For many people, coffee is a fairly powerful weight loss tool, as long as you don’t load it down with cream and sugar.
After all, coffee can be a good appetite suppressant.
But, how strong is this effect?
For that matter, how much of it is connected to coffee at all?
What about the relationship between caffeine and weight loss?
Such an effect wouldn’t come as a surprise because there are significant indications that caffeine may be good for health (3). In fact, many of the health benefits of coffee are connected to the action of caffeine.
However, despite the potential connection between caffeine intake and weight loss, relatively few studies have been conducted. One recent piece of research (Icken et al., 2016) published in the European Journal of Clinical Nutrition attempted to address this topic. The authors were specifically interested in whether the consumption of caffeinated beverages was associated with improved ability to maintain weight loss.
The Study Itself
This research study made us of a cross-sectional design. This method compares patterns across two different populations. In this case, one of the two groups were successful at maintaining weight loss, while the other group was representative of the population as a whole.
This study was based in Germany, so both of the sample groups were also from Germany.
The first of these groups, the one with successful weight loss maintenance, contained 494 members. The sample was obtained through the German Weight Control Registry. In contrast, the second group contained 2,129 participants.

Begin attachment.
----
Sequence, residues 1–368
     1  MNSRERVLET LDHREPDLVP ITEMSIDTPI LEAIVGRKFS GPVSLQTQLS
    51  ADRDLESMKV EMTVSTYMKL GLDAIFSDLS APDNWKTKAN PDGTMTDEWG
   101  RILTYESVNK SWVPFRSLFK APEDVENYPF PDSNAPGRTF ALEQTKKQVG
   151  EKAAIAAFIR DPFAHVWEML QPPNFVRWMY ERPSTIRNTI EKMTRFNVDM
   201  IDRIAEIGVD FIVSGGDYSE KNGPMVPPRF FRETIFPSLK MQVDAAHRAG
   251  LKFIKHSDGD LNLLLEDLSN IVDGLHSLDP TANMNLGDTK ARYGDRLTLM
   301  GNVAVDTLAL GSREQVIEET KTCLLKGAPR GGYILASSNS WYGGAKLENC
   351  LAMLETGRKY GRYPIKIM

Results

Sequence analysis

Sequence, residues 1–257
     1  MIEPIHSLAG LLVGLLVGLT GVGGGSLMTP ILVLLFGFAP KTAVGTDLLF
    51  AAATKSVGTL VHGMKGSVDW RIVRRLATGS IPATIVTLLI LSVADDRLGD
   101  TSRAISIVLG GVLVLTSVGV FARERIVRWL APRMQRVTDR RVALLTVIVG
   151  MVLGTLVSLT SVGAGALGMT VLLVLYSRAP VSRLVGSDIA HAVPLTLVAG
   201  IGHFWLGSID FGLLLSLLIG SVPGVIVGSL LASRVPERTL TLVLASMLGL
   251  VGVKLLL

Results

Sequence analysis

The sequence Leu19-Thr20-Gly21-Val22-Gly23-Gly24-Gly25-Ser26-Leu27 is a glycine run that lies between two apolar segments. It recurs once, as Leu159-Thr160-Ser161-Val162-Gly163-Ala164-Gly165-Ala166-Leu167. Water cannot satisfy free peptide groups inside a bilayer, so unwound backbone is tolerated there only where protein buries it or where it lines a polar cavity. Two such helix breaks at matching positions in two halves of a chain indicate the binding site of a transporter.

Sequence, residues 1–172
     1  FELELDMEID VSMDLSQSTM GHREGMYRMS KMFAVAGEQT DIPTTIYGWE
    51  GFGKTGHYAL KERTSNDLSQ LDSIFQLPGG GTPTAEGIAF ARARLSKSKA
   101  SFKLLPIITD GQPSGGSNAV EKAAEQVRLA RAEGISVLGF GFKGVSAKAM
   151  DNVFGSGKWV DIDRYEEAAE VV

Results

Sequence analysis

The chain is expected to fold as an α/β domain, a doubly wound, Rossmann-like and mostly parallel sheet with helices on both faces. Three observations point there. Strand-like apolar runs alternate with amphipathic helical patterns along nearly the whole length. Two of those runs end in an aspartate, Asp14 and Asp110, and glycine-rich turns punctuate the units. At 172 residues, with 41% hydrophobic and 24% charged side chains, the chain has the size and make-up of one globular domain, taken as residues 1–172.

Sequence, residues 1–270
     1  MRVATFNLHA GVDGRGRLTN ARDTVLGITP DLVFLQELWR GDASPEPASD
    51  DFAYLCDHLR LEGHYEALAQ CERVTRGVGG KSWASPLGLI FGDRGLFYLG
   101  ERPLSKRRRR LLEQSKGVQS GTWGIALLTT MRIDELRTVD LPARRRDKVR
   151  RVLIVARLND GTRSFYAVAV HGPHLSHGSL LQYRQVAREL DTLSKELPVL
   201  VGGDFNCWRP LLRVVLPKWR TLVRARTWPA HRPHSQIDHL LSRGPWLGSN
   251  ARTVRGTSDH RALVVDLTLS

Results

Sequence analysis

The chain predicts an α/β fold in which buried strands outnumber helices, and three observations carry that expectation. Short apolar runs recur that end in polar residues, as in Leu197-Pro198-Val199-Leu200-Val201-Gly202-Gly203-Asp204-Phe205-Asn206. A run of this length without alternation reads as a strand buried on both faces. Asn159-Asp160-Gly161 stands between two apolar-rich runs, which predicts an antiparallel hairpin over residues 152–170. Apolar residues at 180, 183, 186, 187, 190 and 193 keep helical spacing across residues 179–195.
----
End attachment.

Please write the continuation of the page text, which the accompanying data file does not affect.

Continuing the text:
The authors found that members of the weight control group did consume significantly more coffee and caffeinated beverages, on average, than the general population.
However, even though the difference was statistically significant, it was a relatively small difference in terms of actual consumption.
Specifically, the difference was roughly half a cup, on average, between the weight loss maintenance category and the general population.
This effect remained statistically significant even when the authors took other patterns into consideration.
However, in the group that was successfully losing weight, there was no association between the amount consumed per day and weight loss. This means that within this group an increased amount of caffeinated drinks did not result in higher levels of weight loss.
The lack of a pattern there is important, as if caffeine was truly contributing to the differences between the two groups - then you'd expect people who consume more caffeine to lose more weight.
Strengths and Limitations
There is a lot we don’t know about weight loss maintenance and the German Weight Control Registry is focused on figuring out what it is that makes some people successful at maintaining weight.
This is a pretty major strength.
Realistically, there aren’t many studies out there that provide data specifically on people successfully losing weight or keeping it off. In fact, many people seem to assume that weight loss success is a rare occurrence (4).
So, having this data at hand is powerful, especially as participants have managed to actually maintain weight loss. That data could easily be relevant for examining caffeine and weight loss.
Nevertheless, this particular study still had its limitations.
One limitation was that they considered caffeinated beverages as a single category.
That’s fairly unusual and it makes the data hard to interpret, especially in relation to weight loss and caffeine consumption.
As I mentioned before, many people already feel that coffee contributes to weight loss and there is some research to back that up. But, it’s likely that many other caffeinated drinks won’t.
Take energy drinks as an example.
Those tend to be high in calories and it’s extremely easy to drink too much. In many cases, they may also be higher in caffeine than a cup of coffee.